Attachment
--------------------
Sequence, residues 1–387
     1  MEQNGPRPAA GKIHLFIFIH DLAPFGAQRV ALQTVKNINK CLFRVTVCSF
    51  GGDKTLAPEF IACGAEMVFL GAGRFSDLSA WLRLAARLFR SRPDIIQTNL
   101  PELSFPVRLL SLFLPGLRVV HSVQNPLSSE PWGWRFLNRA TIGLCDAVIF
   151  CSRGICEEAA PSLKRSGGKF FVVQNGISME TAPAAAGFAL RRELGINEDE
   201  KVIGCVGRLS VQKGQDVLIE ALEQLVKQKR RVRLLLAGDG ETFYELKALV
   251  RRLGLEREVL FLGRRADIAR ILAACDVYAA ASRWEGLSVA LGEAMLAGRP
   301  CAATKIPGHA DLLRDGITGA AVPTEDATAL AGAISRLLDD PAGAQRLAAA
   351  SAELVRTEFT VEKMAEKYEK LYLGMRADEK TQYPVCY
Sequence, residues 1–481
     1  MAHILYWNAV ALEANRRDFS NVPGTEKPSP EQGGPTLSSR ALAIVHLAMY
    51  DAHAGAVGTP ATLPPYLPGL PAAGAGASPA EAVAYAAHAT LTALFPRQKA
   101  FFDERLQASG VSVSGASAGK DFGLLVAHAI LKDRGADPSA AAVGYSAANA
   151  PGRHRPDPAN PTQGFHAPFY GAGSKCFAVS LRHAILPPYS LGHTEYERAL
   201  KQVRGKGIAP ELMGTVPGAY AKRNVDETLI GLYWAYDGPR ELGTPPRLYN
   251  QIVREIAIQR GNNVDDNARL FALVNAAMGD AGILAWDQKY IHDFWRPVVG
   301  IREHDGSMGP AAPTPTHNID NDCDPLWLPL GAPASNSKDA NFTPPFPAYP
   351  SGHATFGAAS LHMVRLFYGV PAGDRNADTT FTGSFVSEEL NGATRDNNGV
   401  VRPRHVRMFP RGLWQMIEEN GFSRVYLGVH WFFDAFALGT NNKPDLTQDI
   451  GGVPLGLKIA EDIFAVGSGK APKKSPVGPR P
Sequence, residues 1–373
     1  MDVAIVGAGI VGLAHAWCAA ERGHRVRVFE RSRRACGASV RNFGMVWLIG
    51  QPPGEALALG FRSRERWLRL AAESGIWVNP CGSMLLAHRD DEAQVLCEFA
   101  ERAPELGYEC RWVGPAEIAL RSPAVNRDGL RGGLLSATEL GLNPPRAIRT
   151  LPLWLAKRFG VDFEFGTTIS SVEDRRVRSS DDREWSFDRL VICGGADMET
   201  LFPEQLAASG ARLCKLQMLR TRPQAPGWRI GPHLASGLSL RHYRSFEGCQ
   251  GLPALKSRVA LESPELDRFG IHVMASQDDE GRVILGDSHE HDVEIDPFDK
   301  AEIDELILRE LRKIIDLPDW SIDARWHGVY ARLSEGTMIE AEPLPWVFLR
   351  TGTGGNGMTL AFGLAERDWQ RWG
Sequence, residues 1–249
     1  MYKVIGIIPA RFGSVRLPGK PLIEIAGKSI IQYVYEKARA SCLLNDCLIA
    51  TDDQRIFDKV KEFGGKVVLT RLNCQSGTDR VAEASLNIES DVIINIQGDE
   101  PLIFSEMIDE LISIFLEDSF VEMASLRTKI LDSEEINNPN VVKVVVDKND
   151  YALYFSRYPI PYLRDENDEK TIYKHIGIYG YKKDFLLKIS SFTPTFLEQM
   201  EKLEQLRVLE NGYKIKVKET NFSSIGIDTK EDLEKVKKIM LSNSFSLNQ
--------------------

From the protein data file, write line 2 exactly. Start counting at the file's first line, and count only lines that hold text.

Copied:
     1  MEQNGPRPAA GKIHLFIFIH DLAPFGAQRV ALQTVKNINK CLFRVTVCSF